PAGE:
Bear Bones and Hormones?
By Marcia Goodrich | Published
Black bears sometimes snooze away almost six months out of the year. And while many of us humans would love to spend the winter curled up in a warm den, doctors tell us that's a terrible idea. Our bones aren't designed for constant bedrest and would quickly deteriorate to the equivalent of peppermint sticks.
Bears, however, typically emerge from hibernation with bones as strong as two-by-fours. Why bears are able to dodge the osteoporosis">osteoporosis bullet has been a puzzle. Now, a MichiganTech scientist may have solved the mystery.
During and right after hibernation, bears have a much higher concentration of parathyroid hormone in their blood than they do during the rest of the year, says Seth Donahue, an associate professor of biomedical engineering. And parathyroid hormone is key to bone formation.
Bones are constantly being broken down and rebuilt, in both people and bears. Osteoporosis occurs when bone loss outpaces bone formation, weakening bones sometimes to the point that they fracture.
In people, staying active promotes strong bones. So does parathyroid hormone, but when people are sedentary, parathyroid hormone production doesn't increase as it does in hibernating bears.
"We can't say for sure at this point that parathyroid hormone is what protects bear bones from osteoporosis during hibernation, but the results are very provocative at this point," Donahue said.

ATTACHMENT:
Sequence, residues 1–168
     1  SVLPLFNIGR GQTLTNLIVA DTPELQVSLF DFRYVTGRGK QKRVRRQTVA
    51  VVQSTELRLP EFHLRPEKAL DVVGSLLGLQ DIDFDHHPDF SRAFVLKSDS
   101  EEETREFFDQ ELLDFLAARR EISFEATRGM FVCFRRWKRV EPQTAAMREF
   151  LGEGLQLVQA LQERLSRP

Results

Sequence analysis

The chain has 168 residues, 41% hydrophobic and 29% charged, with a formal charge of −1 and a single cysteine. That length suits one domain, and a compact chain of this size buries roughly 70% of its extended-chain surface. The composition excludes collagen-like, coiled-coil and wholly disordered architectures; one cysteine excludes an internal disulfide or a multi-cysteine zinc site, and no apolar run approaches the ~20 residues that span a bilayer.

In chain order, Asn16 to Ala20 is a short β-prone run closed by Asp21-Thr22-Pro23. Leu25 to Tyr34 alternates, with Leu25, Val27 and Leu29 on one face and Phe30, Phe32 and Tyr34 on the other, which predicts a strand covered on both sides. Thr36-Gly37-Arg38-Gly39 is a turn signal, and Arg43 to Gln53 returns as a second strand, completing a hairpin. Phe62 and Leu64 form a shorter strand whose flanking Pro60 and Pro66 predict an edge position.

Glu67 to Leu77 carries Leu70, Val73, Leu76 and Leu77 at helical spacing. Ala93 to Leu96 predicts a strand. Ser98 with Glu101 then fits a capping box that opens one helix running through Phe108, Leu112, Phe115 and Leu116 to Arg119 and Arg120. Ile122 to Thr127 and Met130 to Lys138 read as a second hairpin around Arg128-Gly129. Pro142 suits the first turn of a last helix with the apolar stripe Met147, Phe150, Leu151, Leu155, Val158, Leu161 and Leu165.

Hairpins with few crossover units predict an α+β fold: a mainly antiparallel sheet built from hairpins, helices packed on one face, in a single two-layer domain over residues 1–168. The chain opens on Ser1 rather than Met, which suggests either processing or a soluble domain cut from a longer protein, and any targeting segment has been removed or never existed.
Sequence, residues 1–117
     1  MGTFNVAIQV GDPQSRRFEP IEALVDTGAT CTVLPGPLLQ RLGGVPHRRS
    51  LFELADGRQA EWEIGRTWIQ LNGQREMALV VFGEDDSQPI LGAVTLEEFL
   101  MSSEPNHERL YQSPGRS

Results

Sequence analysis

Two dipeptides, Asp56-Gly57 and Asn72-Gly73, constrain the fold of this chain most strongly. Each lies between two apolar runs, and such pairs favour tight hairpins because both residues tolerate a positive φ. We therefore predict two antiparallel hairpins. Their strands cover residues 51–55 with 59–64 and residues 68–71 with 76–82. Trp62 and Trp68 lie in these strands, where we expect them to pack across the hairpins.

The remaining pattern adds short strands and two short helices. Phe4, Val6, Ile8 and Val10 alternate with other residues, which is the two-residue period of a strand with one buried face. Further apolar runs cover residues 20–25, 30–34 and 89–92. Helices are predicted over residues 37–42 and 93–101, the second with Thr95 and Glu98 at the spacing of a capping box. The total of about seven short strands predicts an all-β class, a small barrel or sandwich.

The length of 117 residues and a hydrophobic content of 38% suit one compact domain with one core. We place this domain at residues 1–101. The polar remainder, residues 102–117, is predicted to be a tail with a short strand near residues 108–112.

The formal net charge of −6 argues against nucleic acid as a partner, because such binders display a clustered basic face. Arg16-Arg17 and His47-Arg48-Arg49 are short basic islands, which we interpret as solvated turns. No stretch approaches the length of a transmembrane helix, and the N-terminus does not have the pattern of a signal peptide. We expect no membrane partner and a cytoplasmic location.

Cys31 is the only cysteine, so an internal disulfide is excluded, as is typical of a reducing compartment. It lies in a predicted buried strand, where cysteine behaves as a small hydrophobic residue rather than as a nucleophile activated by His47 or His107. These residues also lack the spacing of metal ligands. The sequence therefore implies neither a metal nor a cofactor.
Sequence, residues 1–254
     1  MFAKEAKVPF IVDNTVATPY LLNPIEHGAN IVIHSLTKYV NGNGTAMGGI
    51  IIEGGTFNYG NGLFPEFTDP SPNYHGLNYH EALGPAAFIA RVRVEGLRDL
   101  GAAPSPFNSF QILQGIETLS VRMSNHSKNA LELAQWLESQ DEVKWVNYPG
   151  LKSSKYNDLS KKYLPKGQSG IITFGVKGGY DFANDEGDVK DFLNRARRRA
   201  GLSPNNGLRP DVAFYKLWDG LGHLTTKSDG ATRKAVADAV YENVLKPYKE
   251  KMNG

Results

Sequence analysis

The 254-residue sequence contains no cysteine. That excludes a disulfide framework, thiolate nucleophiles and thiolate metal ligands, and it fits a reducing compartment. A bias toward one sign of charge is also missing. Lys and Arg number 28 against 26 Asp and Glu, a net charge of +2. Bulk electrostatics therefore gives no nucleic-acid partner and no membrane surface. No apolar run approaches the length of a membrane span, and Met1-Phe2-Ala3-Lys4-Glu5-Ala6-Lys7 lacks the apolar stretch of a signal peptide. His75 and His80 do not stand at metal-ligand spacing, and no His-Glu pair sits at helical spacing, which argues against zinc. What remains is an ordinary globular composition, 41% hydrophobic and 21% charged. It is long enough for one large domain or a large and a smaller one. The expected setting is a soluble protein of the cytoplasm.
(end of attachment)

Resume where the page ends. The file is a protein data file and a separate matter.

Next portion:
Donahue has identified the bear gene responsible for making parathyroid hormone and has synthesised the hormone in the lab. "Our next step is to sprinkle it on bone cells and see if we get activity related to bone formation," he said.
The work holds promise for developing a new drug to reverse osteoporosis, prompting the university to enter into an agreement with Apjohn Group LLC. The Kalamazoo-based business development advisory firm specializes in commercializing life sciences technology.
"Their role is to assist us in developing the commercial potential of this work," said Jim Baker, director of technology and economic development. "They will assist us in seeking research funding and other capital to develop its potential. Ultimately, Apjohn will form a start-up company to commercialize the drug."
"The collaboration with Apjohn is really exciting and will be a useful model for us, since we don't have a medical school," Baker added. "Hopefully, it will result in commercial opportunities that we wouldn't have been able to act on independently."
Michigan Technological University is a public research university, home to more than 7,000 students from 60 countries. Founded in 1885, the University offers more than 120 undergraduate and graduate degree programs in science and technology, engineering, forestry, business and economics, health professions, humanities, mathematics, and social sciences. Our campus in Michigan’s Upper Peninsula overlooks the Keweenaw Waterway and is just a few miles from Lake Superior.